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Saudi Arabia Information - Page 2
The Arabian Peninsula has always occupied a strategic position on the trade routes between Africa and India.

The Prophet Mohammed was born in Mecca, one of the trading centres, in the sixth century AD. After his teachings met with opposition he moved to Medina (Mecca and Medina are the two holy cities of Islam). From there his following grew to such an extent that Medina, then Mecca came under his influence and converted to his teachings.

Within a hundred years the Islamic Empire spread from Spain in the West to India and China in the East.

By the sixteenth century the Arabian Peninsula was under the rule of the Ottoman Empire. At around the same time contact with traders from Portugal began, followed by the British, French and Dutch.

In the middle of the eighteenth century a reforming movement known as Wahabism became an important factor in Arabia. This movement became linked with the Al Saud family, rulers of Diriyah. Despite conflict with the Ottoman Empire and its supporters and after a number of setbacks, including a period of exile in Kuwait, the Al Saud family, led by Abdul Aziz Al Saud captured Riyadh in 1902, drove the Turks out of Eastern Arabia and conquered the rest of Arabia. In 1926 Abdul Aziz became King and in 1932 the Kingdom was renamed Saudi Arabia.

Oil was discovered in 1938 by the Standard Oil Company of California which had been granted prospecting rights in 1933. In 1944 the company changed its name to the Arabian American Oil Company (ARAMCO); in 1980 the Saudi government took full control, renaming it Saudi Aramco.

In 1990 Iraq invaded Kuwait, leading to the Gulf War, in which Saudi Arabia supported the Allied cause.

Saudi Arabia's economy, prior to the discovery of oil, depended on trade, the export of local produce such as dates and the revenues brought in by pilgrims to Mecca and Medina.

The oil resources of Saudi Arabia are estimated to represent around seventeen percent of the world's proven reserves. The resources of natural gas are equally huge: some of the gas is used as an energy source, the remainder for petrochemical products. The country's other mineral resources include gold, copper and iron ore.

The oil revenues are used to diversify the country's industrial base, with industrial centres such as Jubail and Yenbu leading the way in the establishment of the manufacturing ventures. Similar investment has been made in the transport system and other infrastructure projects.

Water is an important resource in such an arid region and Saudi Arabia is now a large producer of desalinated water, with plants turning the salt water of the Gulf and the Red Sea into drinkable water.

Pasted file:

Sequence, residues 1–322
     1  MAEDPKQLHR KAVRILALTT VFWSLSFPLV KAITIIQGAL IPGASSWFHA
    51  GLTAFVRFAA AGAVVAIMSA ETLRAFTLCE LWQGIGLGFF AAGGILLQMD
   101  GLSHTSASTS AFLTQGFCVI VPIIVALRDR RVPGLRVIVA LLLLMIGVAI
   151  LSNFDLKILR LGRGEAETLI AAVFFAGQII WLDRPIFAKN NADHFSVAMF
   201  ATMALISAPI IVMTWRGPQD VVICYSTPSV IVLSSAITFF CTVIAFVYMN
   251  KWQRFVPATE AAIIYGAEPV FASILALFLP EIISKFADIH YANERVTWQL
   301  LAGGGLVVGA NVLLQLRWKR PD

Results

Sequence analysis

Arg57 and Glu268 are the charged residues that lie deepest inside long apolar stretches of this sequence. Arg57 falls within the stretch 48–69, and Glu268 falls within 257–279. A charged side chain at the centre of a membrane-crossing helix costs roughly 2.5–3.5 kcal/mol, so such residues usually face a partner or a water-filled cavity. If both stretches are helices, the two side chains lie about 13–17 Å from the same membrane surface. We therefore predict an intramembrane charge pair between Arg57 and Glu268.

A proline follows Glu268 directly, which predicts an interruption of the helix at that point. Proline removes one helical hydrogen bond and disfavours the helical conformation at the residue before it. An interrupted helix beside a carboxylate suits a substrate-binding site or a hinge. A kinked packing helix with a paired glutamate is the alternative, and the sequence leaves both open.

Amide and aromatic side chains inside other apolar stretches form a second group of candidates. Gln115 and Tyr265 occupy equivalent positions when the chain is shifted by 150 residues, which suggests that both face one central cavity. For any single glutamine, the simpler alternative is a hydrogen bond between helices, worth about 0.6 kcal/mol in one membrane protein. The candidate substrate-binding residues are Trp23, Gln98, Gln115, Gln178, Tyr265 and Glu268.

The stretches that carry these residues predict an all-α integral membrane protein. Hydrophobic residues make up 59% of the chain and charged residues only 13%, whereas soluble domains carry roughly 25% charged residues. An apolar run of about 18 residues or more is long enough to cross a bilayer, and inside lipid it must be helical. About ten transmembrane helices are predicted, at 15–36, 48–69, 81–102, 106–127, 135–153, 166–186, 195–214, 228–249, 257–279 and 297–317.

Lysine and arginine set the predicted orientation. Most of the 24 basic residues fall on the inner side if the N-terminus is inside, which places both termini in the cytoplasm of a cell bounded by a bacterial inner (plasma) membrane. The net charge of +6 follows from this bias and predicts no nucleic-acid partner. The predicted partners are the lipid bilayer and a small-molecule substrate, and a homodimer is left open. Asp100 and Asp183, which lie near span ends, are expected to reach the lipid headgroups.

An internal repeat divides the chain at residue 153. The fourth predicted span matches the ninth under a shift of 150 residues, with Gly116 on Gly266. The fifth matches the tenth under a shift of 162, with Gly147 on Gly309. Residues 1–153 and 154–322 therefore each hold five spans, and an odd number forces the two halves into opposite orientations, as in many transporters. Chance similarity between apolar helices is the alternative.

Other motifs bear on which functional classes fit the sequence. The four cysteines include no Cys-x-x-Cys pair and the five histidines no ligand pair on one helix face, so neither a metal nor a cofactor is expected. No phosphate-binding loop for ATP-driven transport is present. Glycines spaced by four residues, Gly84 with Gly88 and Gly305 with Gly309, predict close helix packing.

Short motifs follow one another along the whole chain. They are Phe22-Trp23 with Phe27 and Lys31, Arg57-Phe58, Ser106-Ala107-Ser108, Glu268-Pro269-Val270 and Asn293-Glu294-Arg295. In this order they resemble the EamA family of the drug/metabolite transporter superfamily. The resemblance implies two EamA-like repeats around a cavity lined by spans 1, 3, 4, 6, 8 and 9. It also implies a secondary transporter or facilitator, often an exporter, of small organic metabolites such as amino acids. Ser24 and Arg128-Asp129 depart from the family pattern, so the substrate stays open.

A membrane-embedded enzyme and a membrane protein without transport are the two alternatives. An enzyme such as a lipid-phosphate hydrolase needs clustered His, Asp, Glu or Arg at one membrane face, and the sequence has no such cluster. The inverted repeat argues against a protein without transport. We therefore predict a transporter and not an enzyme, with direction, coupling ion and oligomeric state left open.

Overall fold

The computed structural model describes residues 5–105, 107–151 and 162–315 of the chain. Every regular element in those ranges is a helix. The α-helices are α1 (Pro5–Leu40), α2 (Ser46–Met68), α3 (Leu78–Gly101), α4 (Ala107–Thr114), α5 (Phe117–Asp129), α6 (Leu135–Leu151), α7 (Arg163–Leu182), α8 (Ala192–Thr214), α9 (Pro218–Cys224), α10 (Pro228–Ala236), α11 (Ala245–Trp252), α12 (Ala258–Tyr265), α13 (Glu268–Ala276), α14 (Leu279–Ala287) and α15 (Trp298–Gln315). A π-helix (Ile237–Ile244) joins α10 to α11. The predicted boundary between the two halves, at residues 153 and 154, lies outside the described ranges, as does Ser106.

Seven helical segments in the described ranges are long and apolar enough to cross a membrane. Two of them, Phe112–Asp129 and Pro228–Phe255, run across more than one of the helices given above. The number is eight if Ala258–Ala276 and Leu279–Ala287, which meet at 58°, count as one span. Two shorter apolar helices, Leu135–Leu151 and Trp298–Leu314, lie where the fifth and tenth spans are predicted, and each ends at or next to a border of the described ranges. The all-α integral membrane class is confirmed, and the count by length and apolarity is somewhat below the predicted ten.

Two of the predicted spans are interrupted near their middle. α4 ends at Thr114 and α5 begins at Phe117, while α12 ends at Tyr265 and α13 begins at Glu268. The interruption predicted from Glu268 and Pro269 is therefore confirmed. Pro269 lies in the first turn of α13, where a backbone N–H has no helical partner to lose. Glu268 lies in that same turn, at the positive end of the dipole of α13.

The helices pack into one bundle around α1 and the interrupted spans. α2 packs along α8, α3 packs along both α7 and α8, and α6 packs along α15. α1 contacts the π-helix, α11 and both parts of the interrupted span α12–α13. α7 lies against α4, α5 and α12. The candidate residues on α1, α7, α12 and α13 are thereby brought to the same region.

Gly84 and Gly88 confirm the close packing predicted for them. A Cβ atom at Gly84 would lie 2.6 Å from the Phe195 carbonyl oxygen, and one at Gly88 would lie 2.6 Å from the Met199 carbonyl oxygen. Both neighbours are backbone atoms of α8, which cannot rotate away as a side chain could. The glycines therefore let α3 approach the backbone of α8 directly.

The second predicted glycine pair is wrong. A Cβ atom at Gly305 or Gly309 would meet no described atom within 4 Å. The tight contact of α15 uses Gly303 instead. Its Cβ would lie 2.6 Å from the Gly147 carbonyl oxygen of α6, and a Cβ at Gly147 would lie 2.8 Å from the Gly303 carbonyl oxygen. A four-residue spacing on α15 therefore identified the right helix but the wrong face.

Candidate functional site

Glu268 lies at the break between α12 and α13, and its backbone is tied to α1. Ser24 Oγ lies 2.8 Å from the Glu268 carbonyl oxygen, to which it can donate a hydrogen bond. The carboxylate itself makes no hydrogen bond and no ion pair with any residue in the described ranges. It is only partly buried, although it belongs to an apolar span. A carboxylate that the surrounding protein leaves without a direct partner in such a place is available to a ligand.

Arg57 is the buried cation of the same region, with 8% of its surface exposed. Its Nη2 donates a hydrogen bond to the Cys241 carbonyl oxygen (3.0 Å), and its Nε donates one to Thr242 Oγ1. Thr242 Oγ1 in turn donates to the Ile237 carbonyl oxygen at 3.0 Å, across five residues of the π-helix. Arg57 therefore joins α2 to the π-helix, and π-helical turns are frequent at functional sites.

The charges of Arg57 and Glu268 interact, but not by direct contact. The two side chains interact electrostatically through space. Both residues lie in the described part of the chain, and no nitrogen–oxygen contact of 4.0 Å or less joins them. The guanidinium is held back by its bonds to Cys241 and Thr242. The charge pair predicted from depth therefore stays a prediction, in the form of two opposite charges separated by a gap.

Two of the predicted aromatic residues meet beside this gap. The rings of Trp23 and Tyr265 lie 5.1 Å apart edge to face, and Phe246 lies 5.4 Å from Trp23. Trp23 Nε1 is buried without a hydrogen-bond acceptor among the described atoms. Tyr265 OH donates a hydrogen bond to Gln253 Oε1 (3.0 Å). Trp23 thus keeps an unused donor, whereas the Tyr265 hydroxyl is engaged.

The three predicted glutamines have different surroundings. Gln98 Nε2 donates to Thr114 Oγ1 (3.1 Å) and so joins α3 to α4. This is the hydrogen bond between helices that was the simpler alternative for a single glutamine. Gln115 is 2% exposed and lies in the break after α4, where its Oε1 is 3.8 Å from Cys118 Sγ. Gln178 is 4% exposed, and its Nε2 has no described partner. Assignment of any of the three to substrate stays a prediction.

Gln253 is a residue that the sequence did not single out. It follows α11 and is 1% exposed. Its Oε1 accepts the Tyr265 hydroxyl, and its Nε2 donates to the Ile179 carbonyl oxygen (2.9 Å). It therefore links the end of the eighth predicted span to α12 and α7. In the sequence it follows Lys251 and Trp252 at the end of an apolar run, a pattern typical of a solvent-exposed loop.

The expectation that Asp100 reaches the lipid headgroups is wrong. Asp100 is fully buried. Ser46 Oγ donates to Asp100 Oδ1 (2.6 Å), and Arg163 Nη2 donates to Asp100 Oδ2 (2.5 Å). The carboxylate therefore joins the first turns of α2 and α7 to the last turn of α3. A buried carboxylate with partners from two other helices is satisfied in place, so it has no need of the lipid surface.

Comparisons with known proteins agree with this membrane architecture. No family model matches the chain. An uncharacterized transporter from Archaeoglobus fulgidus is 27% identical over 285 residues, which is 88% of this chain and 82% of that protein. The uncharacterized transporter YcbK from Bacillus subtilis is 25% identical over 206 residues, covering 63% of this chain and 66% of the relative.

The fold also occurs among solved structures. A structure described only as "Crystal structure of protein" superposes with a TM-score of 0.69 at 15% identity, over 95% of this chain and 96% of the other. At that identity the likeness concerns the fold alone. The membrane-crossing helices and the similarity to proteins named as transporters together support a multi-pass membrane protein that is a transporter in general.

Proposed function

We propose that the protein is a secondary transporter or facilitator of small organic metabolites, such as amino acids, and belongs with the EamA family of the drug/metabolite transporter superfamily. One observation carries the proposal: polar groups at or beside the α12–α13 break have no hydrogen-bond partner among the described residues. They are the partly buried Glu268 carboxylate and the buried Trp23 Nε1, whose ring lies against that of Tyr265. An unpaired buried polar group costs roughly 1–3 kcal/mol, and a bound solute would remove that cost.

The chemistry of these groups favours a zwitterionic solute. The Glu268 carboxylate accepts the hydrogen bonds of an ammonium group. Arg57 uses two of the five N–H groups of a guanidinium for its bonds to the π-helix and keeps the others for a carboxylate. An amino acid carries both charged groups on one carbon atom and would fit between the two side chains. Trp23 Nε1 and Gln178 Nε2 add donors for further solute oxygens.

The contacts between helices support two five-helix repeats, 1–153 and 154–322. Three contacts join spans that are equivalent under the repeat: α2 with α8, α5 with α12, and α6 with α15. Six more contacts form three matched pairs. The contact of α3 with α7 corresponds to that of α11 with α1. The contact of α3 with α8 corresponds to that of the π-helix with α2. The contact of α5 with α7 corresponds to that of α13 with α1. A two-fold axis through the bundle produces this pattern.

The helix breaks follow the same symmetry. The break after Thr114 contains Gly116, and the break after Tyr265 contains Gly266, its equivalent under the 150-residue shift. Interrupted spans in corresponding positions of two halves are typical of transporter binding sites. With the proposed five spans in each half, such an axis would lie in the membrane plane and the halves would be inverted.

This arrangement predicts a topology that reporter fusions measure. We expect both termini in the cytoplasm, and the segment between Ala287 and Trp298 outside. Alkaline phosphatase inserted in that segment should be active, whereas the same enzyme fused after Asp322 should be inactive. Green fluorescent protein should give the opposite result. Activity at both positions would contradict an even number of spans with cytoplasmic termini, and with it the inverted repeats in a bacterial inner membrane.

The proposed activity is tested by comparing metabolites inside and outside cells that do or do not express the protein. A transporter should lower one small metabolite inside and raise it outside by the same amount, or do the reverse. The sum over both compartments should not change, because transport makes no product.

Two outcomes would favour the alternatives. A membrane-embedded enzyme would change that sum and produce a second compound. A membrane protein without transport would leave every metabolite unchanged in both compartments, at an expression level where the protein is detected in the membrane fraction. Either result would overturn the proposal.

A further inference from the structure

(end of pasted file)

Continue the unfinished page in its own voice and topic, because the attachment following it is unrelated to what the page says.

Farming depends on the supply of water and concentrates on high value crops that need less water. Among the vegetables and fruit grown are dates, citrus fruits, tomatoes and watermelon. Fishing has always been important along the Saudi Arabian coasts; the fisheries industry expanded with an increase in fish farms. (2011)

The Holy Koran cautions against images of living creatures. Calligraphy is an important Islamic art form and throughout Saudi Arabia training, competitions and exhibitions are organized to encourage calligraphy.

Saudi Arabia's music and traditional dance are derived from the chants of desert poets. The national dance, the Ardha, is a men's sword dance involving singers, dancers and a poet/narrator. Other traditional songs and dances use a variety of instruments such as the oud, tar and al-mizmer.

The traditional poems and stories of the desert people are carried on today with poetry competitions and popular readings.

Saudi Arabia has invested heavily in sports facilities, with a number of Sports Cities - each with outdoor and indoor stadia, swimming pools, outdoor and indoor courts and other facilities. Smaller neighbourhood centres and local sports clubs are also strongly supported.

The traditional sports are not neglected, with falconry, horse and camel racing more popular than ever. In the most important annual camel races more than two thousand camels compete on a 13.6 mile track.

The Saudi national soccer team has been particularly successful, qualifying for Olympic finals and World Cup finals.

The Red Sea and the Gulf provide wonderful facilities for diving, snorkelling and other watersports such as sailing and windsurfing. The Red Sea also offers excellent deep-sea fishing.

Saudis celebrate Eid Al-Fitr, the End of Ramadan, for four to five days and  Eid Al Adha, the time of Pilgrimage (Haj), lasts about a week.

News can be found in Newslink.

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